Hang in there, airline passengers. There may be a small perk coming your way in the future.
The Federal Aviation Administration said this week that it wants to bring together "key stakeholders" to discuss if there are practical ways to test electronic devices to see if they are safe to use during "critical" phases of flight (aren't they all critical?).
In other words, passengers may be able to use music players, e-readers or electronic tablets on flights, even during takeoff and landing. It's not much, but considering airline passengers seem to be losing more and more freedoms aboard airliners these days, we'll take it.
We've all heard the same rehearsed speech before and during every flight. We're told that, in compliance with FAA?rules, all electronic devices must be turned off while the aircraft is below 10,000 feet because some devices could have enough power to disrupt the airliner's cockpit radios and instruments.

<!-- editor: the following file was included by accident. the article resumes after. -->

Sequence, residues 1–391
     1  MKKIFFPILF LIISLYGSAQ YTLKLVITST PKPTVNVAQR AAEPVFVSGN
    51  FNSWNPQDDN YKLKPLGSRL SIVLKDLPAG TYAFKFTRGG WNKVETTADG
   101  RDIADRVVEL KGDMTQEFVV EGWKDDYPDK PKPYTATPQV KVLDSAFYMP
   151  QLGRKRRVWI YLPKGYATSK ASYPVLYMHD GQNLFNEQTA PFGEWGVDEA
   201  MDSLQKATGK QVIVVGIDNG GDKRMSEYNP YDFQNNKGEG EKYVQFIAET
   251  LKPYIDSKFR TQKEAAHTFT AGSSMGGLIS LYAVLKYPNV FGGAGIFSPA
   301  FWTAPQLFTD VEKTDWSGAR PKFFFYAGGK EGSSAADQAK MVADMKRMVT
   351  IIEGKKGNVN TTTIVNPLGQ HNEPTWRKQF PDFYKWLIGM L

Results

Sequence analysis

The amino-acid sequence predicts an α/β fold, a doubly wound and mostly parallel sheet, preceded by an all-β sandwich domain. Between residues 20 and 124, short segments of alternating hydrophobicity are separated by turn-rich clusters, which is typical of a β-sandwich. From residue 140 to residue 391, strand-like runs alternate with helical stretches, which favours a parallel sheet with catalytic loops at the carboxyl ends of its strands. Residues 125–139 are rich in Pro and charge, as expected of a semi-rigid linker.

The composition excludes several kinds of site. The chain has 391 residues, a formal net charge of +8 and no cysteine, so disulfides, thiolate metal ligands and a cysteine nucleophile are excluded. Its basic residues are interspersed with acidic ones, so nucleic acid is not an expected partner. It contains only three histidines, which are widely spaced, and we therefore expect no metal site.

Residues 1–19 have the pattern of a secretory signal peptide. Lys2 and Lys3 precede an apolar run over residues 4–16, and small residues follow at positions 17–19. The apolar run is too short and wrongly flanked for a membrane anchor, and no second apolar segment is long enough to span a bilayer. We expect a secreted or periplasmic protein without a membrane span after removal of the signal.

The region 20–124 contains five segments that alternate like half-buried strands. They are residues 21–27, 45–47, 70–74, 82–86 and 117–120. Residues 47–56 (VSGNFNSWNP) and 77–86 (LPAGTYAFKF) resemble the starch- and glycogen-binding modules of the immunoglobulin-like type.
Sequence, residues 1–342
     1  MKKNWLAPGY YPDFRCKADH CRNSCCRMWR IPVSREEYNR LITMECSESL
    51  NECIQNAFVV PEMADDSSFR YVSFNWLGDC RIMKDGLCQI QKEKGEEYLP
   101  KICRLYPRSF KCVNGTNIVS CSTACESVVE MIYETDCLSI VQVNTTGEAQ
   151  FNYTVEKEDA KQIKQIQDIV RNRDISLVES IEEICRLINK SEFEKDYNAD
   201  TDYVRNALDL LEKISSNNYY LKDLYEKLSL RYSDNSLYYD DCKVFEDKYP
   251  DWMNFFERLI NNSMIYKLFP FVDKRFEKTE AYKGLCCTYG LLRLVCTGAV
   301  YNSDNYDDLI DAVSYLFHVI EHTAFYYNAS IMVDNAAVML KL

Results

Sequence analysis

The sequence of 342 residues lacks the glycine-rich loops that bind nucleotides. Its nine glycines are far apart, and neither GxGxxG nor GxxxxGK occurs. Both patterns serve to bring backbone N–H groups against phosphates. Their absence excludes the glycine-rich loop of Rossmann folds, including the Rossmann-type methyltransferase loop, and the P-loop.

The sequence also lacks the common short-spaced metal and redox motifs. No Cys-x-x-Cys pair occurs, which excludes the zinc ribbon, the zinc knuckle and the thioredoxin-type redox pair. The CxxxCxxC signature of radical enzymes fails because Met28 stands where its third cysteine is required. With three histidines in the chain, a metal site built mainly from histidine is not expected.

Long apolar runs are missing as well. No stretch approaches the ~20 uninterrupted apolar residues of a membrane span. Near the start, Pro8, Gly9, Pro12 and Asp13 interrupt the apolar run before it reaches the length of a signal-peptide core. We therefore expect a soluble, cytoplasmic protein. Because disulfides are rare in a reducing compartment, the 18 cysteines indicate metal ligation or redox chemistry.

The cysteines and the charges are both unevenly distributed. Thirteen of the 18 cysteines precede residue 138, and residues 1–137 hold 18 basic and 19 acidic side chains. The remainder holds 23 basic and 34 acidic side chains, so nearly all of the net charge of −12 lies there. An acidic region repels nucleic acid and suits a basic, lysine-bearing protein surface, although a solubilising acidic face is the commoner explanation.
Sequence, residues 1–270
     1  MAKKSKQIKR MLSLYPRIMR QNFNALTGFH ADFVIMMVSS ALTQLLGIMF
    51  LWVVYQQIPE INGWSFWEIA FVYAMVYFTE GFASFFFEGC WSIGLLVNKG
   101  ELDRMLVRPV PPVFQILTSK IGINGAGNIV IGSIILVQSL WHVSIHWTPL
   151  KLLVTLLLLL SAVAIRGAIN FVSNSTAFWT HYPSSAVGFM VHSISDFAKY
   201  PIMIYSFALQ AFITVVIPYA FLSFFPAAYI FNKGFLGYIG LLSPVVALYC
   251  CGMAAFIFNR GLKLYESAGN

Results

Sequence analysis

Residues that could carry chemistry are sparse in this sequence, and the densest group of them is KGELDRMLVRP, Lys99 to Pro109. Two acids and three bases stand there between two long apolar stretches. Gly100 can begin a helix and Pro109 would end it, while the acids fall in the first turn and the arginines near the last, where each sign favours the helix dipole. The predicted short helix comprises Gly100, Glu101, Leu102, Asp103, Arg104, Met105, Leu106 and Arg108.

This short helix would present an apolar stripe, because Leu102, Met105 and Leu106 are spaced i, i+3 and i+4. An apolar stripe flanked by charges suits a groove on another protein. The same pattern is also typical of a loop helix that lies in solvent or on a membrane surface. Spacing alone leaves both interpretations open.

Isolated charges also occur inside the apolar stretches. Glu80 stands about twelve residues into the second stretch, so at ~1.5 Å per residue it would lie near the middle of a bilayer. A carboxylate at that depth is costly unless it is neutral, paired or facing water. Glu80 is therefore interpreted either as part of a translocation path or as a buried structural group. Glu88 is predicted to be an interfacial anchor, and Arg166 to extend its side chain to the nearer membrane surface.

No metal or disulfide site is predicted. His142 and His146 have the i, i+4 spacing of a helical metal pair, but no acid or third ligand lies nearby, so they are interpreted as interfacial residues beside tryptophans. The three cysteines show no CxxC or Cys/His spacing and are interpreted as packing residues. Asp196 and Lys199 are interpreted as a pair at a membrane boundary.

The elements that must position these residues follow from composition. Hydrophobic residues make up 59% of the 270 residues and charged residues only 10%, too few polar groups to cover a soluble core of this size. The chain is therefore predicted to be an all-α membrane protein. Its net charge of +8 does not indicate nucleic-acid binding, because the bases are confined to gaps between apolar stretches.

Airlines hope to study if current devices actually do use enough power to interfere with cockpit instruments. The seemingly constant upgrading of devices, such as the iPad, would require new testing, and officials worry about the effects of a plane full of passengers using electronic devices at the same time. One change that won't happen: The use of personal cell phones will under no circumstances be allowed, according to the Federal Communications Commission.
Whatever. We'd be satisifed with the small victory of being able to keep our headphones on during takeoffs and landings, instead of suffering the humiliation of having to hold up our music player to show the all-powerful flight attendant that it really is turned off, and being told in no uncertain terms that we must remove our headphones during takeoff and landing even though our music player is turned off.
Then again, perhaps such a privilege will only come with a "device fee."